Yellow flames from a natural gas furnace indicate that the combustion ratio is off and you have too much excess air in the mixture, if the discolored flame is isolated in the burner meaning on only 1 out of 3 or more then the burner/orifice may be out of alignment or there maybe a crack in the exchangers cell.
If the furnace is direct ignition, The HSI or spark ignites the flame. A flame sensor passes current through the flame, if current is present the main.
The gas furnace pilot (flame is lit all the time) is sometimes referred to as a pilot light, but no matter what you call it, its purpose is to serve as a small ignition flame for the gas burner. And when this little flame fails to operate properly or go out, it's one of the most common reasons a gas furnace will fail to operate.
A blue flame means you are getting a good gas/air mixture. If it is orange or yellow then there is more gas than air and should be adjusted.
with gas? hence gas furnace? theres a gas pipe that puts the gas into 3-4 tube things tht keep lit by the gas bruhhh
In any heat source that produced by the flames, the color indicate the temperature. Blue is the hottest followed by yellow and orange.
Well like with any flame, the lighter the flame, the higher the temperature of the flame. If the flam is burning Yellow, it is at a higher temperature and is burning more oxygen than an orange flame is. That is your difference other than the color.
Improper gas/air mixture.
The main circuit board in your furnace sends a small ac signal to the flame rod so now you have an ac potential from the body of the furnace to the flame rod, When the flame comes on between the body of the furnace and the rod it rectifies the ac in to dc, The flame actually acts like a diode. When this dc voltage is sensed by the control board it knows there is a flame present and thus keeps the gas valve on. Hope this helps
Pilot gas is the very small flow/burner used to maintain an ignition flame in a gas appliance. Sometimes called a pilot light, or pilot flame, it's used to ignite the main burner.
The sodium turns the flame bright orange..
The color of sodium in flame is yellow (not orange) and it is due to an emission line from the sodium spectrum.
AC voltage(at least 90vac) pass through the flame sensor and the ionization of the flame creates or rectifies the voltage to DC and a small microamp that can be measured with a meterl.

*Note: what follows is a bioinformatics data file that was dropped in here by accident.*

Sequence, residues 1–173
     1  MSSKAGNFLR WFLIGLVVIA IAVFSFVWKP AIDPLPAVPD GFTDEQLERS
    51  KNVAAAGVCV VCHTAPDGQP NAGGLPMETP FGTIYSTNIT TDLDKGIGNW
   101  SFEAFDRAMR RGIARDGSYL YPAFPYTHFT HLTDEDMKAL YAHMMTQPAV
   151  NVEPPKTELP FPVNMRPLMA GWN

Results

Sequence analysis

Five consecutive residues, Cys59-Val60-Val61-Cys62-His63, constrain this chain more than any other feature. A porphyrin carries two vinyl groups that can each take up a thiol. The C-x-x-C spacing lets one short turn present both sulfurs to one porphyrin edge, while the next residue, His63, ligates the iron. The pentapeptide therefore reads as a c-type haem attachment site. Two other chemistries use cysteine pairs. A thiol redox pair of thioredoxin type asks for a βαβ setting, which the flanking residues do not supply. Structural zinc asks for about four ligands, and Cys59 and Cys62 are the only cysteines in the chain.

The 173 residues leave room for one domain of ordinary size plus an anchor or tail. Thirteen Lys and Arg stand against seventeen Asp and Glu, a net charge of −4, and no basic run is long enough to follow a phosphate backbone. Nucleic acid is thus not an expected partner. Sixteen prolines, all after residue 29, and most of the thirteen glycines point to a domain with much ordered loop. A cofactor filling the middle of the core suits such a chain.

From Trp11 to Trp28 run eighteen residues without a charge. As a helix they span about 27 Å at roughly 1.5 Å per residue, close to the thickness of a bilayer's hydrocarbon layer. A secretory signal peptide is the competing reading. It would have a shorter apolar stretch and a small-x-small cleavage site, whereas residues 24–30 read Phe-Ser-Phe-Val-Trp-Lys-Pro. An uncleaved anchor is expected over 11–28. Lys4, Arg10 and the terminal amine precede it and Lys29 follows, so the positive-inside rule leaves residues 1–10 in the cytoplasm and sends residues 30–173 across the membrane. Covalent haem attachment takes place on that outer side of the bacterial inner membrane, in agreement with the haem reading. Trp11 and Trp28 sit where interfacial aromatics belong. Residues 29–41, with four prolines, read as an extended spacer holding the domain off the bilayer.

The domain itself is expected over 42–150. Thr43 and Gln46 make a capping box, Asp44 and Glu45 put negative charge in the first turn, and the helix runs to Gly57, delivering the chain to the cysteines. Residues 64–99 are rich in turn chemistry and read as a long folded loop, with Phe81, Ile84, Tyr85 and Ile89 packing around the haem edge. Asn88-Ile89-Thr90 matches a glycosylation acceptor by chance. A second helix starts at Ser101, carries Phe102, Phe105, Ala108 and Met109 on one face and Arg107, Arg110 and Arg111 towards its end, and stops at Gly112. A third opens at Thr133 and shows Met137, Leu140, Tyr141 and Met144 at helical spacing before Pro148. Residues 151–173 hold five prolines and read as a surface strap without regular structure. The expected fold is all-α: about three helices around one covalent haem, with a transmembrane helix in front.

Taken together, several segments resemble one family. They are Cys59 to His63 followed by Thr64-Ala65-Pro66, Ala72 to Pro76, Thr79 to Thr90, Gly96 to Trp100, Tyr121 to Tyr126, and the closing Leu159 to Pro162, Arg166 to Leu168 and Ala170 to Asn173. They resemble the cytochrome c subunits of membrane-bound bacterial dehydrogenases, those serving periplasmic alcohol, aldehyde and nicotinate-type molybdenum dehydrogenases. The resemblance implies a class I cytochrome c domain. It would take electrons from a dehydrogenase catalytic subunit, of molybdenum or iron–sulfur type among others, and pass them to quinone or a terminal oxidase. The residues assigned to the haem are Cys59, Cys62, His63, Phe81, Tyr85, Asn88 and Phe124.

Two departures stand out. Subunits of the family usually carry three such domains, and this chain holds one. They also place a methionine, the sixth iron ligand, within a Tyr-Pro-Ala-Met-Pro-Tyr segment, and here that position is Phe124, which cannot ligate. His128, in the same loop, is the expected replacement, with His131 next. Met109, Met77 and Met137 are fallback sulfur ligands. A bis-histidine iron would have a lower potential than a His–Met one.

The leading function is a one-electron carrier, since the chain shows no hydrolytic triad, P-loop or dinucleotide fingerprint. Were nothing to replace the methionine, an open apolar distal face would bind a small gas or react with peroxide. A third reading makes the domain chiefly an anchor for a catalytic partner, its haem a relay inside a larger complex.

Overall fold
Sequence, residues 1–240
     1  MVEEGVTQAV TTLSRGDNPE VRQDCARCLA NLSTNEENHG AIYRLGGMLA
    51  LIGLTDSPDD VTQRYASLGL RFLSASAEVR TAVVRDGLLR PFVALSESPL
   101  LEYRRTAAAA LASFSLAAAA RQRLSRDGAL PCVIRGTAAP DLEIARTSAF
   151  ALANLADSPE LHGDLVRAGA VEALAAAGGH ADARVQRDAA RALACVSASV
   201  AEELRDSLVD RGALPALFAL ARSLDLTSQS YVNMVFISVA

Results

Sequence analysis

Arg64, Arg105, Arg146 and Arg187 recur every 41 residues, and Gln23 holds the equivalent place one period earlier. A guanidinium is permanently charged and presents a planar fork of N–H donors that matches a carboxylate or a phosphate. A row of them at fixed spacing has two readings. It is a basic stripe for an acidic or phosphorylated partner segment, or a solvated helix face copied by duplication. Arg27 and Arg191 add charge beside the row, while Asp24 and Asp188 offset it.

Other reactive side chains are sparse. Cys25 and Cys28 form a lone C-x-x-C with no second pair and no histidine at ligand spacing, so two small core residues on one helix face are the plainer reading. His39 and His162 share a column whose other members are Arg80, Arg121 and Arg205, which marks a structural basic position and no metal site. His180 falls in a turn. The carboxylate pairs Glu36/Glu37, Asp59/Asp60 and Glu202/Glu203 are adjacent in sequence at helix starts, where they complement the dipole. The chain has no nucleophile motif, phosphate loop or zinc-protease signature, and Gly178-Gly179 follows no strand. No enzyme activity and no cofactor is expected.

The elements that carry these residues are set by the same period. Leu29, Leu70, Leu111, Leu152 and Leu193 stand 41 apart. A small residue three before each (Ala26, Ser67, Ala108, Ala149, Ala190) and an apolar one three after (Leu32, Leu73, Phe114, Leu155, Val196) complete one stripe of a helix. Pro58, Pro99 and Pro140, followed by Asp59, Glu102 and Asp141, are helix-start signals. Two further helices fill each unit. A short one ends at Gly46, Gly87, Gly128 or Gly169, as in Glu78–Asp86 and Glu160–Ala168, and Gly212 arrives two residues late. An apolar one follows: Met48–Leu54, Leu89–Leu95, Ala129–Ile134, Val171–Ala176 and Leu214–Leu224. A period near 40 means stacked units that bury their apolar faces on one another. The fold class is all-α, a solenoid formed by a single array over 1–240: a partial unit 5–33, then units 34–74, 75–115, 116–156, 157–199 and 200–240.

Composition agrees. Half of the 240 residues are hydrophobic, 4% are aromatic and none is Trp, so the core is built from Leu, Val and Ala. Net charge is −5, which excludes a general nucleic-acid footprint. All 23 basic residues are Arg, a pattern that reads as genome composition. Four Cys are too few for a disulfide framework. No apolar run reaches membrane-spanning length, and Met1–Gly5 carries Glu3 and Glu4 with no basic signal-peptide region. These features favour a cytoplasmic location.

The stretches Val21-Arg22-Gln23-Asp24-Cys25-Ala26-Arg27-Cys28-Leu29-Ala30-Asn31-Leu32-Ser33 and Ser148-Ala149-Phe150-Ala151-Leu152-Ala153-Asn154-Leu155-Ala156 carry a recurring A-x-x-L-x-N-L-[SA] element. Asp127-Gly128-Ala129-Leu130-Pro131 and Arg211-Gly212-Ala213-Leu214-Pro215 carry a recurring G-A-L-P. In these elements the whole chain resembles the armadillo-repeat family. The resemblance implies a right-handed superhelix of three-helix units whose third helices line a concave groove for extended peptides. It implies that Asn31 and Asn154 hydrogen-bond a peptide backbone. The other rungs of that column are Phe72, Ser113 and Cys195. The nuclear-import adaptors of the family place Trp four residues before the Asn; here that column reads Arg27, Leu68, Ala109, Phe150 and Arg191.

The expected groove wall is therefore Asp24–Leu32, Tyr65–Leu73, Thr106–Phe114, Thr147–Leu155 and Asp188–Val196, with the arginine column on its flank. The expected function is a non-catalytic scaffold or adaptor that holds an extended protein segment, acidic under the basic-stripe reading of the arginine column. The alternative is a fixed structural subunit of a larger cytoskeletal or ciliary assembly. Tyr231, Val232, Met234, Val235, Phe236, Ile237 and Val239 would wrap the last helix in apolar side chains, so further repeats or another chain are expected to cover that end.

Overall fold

The flame appears to have an orange color depending on the amount of gas being burned. The orange color is also due to the light spectrum that your eyes are catching.
The orange-yellow (or even red-black) gas flame is the coolest (350oC), the white-blue flame is much hotter.
an electric furnace runs off of 208/230 Volts while a typical gas furnace runs off of 120 also a gas furnace will have a valve for the gas relay where the gas enters the furnace.
The hotter a hydrocarbon gas burns, the bluer the flame. An orange flame indicates a cool flame with incomplete combustion since soot (unburnt carbon) glows orange. Hydrogen gas burns so completely and so hot that it emits light in the ultraviolet. You cannot see a hydrogen gas flame. Alcohol fires, similarly, tend to burn very efficiently and are nearly invisible--as anybody who watches NASCAR races knows.
A flame sensor is a safety mechanism installed on gas furnaces. It is located directly between the burners and the gas supply. When your gas kicks on, the flame sensor MUST detect a flame. This safety mechanism is to prevent your house from filling up with un-lit gas. Even if your burners are igniting, if your Flame Sensor is dirty (covered in carbon from typical use) it will fault out, thus shutting off the furnace over and over. If this is the case, your furnace will kick on every 2 minutes (because the thermostat tells it your house is too cold) and then will shut off after 5 or 10 seconds as a result of the Flame Sensor Fault.
Natural gas furnaces work by combining natural gas with air and lighting it. This results in a flame that heats up the air and warms the rest of the house.
The yellow flame of a Bunsen burner indicates the presence of carbon particles (soot) and an incomplete combustion of methane gas.
I'm assuming you mean the furnace? If the pilot light keeps going out on the furnace, you probably have a rusted through or cracked heat exchanger. Unfortunately the only way to fix the problem is to replace the furnace. IM THE ONE WHO ASKED THE QUESTIONN THIS IS NOT A FURNACE IT IS A GAS HEATER THAT HE PUT IN HIS DINNING ROOM
You can find a schematic for a gas furnace on the website, Uncionradio.
Probably the flame sensor.